DSC06070 Here’s the three of us, looking shifty (David and I play executives – Don and Ron). This picture was actually taken in June, before one of the Seven Bridges performances for Leeds Waterfront Festival. We revived it for this one night only in October at the behest of a friend at the Environment Agency, who felt it would make a useful discussion point among staff there. The EA are currently among the partners working on a massive Flood Alleviation Scheme (FAS) in central Leeds, and most of our audience was made up of flood risk specialists. Seven Bridges points out some of the FAS works along the route, but the performance is mostly about other things (the history, development and re-development of the waterfront). Apparently this did prove valuable for our spectators, in helping them think about their work from another angle. As one of them remarked, we all need to be encouraged to get out of “silo thinking” whenever we can — and look at how what we’re expert in links up with other concerns. I guess this was the appeal for Waterlution too…?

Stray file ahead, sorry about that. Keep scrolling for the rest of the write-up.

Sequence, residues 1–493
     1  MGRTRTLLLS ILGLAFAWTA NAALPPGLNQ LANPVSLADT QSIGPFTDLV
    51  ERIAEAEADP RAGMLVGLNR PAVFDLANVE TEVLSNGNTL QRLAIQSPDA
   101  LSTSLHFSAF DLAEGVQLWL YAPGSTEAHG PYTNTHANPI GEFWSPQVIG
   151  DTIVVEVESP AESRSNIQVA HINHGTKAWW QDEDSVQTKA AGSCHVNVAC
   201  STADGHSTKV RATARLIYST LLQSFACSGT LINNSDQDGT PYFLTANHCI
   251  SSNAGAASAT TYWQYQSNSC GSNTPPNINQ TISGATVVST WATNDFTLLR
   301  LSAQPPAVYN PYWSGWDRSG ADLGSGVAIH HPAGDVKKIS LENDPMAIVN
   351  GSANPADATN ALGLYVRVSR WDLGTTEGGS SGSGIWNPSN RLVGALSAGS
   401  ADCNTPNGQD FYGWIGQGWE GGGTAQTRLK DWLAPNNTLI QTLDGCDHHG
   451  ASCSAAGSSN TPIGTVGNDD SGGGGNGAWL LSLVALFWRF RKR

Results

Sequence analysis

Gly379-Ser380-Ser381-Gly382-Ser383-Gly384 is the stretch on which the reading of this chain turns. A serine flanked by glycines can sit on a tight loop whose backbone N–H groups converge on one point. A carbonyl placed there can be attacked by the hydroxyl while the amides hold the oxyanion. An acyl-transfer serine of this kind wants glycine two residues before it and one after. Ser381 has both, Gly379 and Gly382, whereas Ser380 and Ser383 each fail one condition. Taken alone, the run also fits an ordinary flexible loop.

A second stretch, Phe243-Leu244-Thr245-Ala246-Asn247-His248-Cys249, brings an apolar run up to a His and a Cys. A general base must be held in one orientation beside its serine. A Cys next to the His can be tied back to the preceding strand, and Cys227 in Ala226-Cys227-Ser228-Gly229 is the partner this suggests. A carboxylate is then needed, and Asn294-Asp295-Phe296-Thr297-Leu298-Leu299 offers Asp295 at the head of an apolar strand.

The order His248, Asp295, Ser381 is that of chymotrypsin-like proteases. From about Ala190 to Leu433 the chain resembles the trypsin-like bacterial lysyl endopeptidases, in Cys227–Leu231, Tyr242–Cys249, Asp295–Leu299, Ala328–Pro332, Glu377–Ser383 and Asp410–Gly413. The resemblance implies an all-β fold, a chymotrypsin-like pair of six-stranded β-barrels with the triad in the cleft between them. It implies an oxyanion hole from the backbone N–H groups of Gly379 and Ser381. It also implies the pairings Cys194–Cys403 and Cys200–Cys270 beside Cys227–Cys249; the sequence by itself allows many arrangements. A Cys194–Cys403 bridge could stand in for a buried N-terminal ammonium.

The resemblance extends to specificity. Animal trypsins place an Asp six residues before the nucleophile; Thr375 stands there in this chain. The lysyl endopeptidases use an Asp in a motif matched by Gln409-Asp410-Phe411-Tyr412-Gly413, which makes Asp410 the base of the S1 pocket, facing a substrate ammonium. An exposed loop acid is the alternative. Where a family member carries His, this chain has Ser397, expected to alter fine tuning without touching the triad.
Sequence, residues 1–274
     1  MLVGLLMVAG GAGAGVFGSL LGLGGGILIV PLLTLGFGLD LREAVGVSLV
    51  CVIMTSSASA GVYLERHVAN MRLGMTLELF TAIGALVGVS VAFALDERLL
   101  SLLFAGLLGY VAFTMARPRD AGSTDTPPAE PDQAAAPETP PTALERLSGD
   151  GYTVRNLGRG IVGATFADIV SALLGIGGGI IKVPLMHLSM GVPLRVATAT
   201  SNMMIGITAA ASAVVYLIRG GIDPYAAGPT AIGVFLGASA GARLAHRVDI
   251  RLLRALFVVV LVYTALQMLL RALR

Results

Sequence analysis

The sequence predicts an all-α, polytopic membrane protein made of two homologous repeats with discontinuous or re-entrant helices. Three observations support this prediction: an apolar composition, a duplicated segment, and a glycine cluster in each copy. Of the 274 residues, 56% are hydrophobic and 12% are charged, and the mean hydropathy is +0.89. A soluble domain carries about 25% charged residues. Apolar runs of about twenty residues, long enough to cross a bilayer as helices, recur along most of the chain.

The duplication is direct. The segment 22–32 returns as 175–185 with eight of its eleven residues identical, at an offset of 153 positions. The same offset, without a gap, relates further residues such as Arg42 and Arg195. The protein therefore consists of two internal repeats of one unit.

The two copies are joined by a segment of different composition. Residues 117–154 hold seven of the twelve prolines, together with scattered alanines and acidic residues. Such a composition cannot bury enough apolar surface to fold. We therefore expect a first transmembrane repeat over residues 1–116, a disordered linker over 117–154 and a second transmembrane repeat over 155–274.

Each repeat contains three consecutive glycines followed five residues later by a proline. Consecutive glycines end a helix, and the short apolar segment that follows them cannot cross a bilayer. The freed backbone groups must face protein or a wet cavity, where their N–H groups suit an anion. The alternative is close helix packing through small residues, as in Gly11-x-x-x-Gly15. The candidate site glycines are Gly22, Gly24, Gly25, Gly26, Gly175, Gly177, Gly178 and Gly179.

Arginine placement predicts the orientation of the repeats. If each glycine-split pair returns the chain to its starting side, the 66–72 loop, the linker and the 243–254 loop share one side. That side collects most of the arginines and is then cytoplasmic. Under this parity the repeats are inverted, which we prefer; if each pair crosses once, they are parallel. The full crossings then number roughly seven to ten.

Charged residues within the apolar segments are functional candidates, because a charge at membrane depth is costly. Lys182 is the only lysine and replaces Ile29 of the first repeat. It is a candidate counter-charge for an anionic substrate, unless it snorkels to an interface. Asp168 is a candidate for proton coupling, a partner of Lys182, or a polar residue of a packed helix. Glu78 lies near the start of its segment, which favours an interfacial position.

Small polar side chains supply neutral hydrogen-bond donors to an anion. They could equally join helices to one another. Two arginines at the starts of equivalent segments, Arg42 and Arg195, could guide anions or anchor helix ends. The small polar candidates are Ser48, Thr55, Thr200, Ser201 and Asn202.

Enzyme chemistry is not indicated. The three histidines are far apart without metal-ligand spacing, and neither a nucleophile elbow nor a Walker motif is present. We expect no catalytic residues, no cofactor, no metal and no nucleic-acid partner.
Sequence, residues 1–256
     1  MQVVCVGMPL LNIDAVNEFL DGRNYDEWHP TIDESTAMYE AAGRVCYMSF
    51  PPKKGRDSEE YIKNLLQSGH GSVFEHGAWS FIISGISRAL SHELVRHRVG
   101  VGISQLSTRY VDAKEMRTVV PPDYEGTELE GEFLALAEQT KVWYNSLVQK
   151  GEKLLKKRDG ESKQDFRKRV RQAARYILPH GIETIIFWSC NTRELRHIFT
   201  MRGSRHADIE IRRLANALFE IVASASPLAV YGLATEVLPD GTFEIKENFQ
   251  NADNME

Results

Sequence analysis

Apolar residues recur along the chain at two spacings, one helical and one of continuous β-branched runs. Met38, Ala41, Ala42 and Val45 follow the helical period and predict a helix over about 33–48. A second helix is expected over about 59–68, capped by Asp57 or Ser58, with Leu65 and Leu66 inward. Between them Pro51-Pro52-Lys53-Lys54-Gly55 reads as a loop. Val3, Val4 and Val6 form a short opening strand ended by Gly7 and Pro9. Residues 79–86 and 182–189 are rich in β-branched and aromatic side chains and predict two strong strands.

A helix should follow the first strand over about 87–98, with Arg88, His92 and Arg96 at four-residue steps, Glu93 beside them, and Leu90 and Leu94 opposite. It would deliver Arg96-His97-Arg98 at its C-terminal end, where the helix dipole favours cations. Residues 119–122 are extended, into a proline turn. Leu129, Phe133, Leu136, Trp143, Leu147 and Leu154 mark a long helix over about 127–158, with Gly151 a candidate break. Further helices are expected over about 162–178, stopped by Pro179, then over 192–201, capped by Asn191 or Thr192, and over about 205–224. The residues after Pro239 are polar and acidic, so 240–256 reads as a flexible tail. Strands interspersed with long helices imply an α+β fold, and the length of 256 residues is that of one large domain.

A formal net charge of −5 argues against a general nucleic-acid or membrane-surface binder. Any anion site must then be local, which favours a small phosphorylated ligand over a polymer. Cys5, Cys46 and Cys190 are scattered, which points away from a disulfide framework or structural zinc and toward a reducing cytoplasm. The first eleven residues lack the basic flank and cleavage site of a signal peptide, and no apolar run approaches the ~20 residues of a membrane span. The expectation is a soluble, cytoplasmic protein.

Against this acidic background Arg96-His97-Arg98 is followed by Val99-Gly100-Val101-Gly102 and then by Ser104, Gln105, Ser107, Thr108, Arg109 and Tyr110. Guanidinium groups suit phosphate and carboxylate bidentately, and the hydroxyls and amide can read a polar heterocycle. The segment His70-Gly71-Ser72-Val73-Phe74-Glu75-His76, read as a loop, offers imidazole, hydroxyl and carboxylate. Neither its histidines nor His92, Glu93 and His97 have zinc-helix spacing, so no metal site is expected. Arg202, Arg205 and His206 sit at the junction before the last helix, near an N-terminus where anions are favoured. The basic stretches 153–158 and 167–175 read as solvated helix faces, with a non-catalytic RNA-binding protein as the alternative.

So that’s what we’ve been up to in terms of performances lately. Meanwhile, behind the scenes, my colleague Lyze has been very busy continuing to develop our community engagaement work in various Shipley area neighbourhoods — in collaboration with Kirkgate Centre. Just today, in fact, she helped lay on a boat ride on the Leeds-Liverpool Canal for some of the residents in the Dockfields area who have recently formed into a local action group. Hopefully we’ll have more on that, and other local matters, in future blog posts… and with a bit of luck the next one won’t be such a long time coming!